Installing Door Waist Seals

submitted by Ken Tharp, with additional info from Mike Perry and John Reagh

When you order your new seals, it is a good idea to order a few of the clips that are used to hold the seals in place. If you are fortunate, you won't need them. However, it's a pain to remove the window crank and door panel to get to any clips that you might drop, so the extras might prove to be useful. By the way, I purchased my new waist seals from Victoria British and am very pleased with them.

Important tools: a hacksaw blade, a small straight screwdriver, a small offset screwdriver, and a small hemostat (street name - "roach clip." If you have a friend who's a physician, s/he ought to be able to get one for you. It's the tool they use for sewing stitches. I believe that auto parts stores may also sell them, or something similar.)

Step 1. Bend the hacksaw blade into a hook shape, sort of an elongated "J." (Another possibility would be to use a spare dipstick, if you have one around.) The object is to create a tool that will kind of cradle the clips that hold the door waist seal in place. If you are lucky, you will be able to make something that will hold the clips tightly enough to use your new tool to seat the clips back into their positions holding the seal; I was not so fortunate, so I'll continue with my technique.

Step 2. Pull the old seal off. The clips on my car all stayed in place on the rail when I pulled the old seal off.

Step 3. Get a strong hold on the clip on a top corner with the hemostat. Slowly work the clip off of the rail with the small straight screwdriver. If you are careful, the hemostat will still be holding the clip when it's freed of the rail. Drag the clip to the opening up by the windshield and remove it. Use this process with all of the clips.

(Because of the close tolerances between the door and the window, you have to insert and remove everything up by the windshield, at the opening created by the angle of the window.)

Step 4. When you've removed all of the clips, set the new seal in place. Insert one of the clips into the hacksaw blade "hook" that you made in step 1. The blade I used was just strong enough to hold the clip securely, but weak enough to bend slightly as I was pulling the clip up onto the rail, making it easy to remove the hacksaw hook. Once the clip is started onto the rail with the hook, carefully remove the hook. You will need to keep the clip in place with one of the small screwdrivers as you wiggle the hook free.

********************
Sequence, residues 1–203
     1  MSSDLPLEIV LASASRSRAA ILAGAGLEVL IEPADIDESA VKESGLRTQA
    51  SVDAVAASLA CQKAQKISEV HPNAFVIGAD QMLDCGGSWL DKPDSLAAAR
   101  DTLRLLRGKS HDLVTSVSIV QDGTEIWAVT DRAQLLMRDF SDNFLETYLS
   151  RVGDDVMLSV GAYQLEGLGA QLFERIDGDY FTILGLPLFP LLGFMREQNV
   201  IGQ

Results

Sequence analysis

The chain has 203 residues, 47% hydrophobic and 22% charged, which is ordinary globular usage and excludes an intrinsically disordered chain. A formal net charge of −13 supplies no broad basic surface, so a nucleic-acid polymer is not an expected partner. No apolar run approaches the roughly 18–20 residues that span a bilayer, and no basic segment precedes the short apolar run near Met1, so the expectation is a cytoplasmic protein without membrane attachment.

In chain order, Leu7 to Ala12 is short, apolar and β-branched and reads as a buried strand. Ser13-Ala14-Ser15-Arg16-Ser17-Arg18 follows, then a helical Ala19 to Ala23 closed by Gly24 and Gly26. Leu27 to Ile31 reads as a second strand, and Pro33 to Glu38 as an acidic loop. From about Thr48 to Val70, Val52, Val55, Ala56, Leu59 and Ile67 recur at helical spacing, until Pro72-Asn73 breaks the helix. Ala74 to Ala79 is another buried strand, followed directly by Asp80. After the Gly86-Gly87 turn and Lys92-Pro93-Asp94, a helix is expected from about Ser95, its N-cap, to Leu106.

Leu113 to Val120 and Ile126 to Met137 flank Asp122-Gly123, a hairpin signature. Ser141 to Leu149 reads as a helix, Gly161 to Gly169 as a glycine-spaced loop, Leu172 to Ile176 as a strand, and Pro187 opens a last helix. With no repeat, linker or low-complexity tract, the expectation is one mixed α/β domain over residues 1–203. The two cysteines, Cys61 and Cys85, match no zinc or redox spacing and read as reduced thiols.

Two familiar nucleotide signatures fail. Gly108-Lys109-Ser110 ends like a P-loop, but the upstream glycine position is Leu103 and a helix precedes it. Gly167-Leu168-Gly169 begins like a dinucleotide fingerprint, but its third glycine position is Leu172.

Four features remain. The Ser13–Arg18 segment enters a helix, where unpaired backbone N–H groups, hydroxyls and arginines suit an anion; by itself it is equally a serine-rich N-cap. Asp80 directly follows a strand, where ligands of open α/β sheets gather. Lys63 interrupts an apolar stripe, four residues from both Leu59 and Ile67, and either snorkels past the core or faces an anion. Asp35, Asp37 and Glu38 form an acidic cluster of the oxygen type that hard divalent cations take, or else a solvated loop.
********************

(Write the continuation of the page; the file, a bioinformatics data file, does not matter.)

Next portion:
Step 5. Once the hook is removed from the clip, use the small offset screwdriver to pull the clip up into its fully seated position. I had to push down on the seal with one hand and pull up with the offset screwdriver in the other hand to get the seal into the correct position and the clip to seat properly. With most of the clips, I had to seat both edges of the clip individually.

Once you've seated all of the clips, you're ready to repeat the procedure on the other side of the car. Soon, you'll be driving with a car with new weather-stripping!!

This extra tip was provided by Mike Perry

The metal from the waist seal I removed from my spit, with the rubber removed, can be very easily formed into a hook for fitting new waist seal clips. As an added bonus, because it is soft, it will "let go" if you pull to hard.
Sort of an on board tool kit!

Here's some additional information from John Reagh who tried this tip with some additional twists :

I pulled the old seal and found the clips stayed in place as described. I trimmed the new seals purchased from Victoria British to match in length and trimmed excess rubber from the edge of the indentations for the clips. I uses a dremel for this. Instead of the offset screwdriver I used a bent bottle opener, I placed the new seal over the clips and found that i could press the seal down while I pulled up on the clips left from before. With a little fiddling I got all the clips in place with a minimum of hassle.

John Reagh

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